Monday, September 27, 2004

Debian in Corporations

I think Debian stable is a great platform to work with servers but I think that corporate workstations will need more current software because of more frequent hardware turnover. An adept server administrator can backport any needed packages or make decisions on stability and choose to use the testing branch.

Debian already has a staging ground for stable, the testing branch. It is easily available for anyone to install and includes a lot of solid software. I think we need to ask what does stable have that testing does not.

One thing missing in testing is security updates. Debian is not committed to publishing security updates for testing. Which is a policy based upon their scarcity of resources. Can we correct this by focusing a group to provide but if this keeps us from using testing all of the time then can we correct it? Is this something that another group of volunteers can help?

Testing is also missing stability which is obvious. However, we have to remember that software will always be untested and unstable until the software is tested, bug reports are documented, and then bugs are fixed.

I'm sure I am missing other reasons why testing looks so tempting but cannot be used in a corporate environment.

Tuesday, September 14, 2004

Installing Lexmark Z700/P700/P3150 linux printer driver under Debian

Here is a quick note for other Debian users that have a Lexmark printer. Install cups, alien and foomatic through apt (apt-get install cups foomatic alien). Download the rpm packages from the above site and use alien on them. You will definately have to restart cups '/etc/init.d/cup restart' for the changes to work. I ended up rebooting the whole computer for the new printer driver to show up in the cups driver menu.

This works really well under unstable.

Saturday, September 11, 2004

Choosing Debian packages

I found this great article from the UserLinux discussion group that discussed how UserLinux wanted to solve one of the basic problems with Debian: there are almost too many packages to choose from. Now this is one of the main reasons why I love Debian but it has also been a problem in the past for me. As the article states when looking for a ftpd solution there are many choices, how do you make the correct choice without too much research.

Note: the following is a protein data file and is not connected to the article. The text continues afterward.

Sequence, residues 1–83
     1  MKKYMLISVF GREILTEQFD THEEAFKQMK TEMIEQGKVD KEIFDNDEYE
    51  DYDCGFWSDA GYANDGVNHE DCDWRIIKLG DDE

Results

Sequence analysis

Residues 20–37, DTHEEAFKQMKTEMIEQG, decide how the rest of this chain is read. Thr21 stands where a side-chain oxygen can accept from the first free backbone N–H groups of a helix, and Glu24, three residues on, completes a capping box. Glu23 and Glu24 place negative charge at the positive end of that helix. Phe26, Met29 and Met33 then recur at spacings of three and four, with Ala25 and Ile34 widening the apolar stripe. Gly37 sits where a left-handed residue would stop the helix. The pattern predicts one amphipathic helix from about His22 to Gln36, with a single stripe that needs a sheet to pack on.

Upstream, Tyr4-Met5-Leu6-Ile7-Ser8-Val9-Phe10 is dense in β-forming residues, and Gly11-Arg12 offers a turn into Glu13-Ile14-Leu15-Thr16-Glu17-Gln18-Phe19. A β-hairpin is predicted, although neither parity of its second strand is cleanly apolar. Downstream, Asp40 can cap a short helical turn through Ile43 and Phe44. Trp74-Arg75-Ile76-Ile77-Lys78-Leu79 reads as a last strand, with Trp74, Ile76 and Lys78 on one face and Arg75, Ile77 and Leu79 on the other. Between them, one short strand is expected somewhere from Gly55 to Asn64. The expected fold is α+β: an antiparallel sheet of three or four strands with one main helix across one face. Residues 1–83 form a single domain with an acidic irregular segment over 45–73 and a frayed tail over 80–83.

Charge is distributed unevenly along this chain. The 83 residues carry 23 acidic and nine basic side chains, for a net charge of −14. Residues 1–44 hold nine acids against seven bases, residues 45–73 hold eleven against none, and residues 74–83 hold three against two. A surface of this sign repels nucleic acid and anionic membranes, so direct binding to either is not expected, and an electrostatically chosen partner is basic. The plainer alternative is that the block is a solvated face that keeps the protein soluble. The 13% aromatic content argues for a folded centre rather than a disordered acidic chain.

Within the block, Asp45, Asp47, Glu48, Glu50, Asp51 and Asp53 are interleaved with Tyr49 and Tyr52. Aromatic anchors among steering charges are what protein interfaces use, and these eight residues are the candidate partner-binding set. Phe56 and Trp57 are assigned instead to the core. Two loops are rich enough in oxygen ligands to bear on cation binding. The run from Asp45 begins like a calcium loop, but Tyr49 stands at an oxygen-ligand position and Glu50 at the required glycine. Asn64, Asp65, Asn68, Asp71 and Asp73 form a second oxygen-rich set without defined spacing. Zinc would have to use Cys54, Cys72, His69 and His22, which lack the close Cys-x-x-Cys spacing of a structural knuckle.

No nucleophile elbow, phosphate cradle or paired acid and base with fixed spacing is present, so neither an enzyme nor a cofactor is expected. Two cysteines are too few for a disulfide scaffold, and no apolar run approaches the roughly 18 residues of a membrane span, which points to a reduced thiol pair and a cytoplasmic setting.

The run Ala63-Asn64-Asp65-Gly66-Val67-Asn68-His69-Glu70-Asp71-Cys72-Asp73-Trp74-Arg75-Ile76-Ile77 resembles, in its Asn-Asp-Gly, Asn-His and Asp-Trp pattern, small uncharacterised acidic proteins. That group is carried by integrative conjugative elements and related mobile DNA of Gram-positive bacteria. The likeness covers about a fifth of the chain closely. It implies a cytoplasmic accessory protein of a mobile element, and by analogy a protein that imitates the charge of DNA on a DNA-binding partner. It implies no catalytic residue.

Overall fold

I suggested that Debian could try to incorporate the statistics from the popularity-contest package and create a type of Google PageRank (tm) of packages. When you use aptitude or 'apt-cache search ftp' you could see that package foo has a popularity of 80% of all packages with ftp in the title. It could also show that this package got 800 votes. This type of information can tell a Debian user that there is probably stong development of the package currently and in the future. Of course the Debian user will still have the option of going for a less popular package but it would assist in the decision making process.

To know what percentage of the Debian market package foo uses, one would have to seperate the Debian packages into the appropriate market. However, you could use the same search term used in 'apt-cache search ftp' to focus on the packages with ftp in the title. You can take the 800 votes for foo divided by the total number of votes for packages with ftp in the title.

Now to figure out a way to tell the Debian Developers for apt-cache.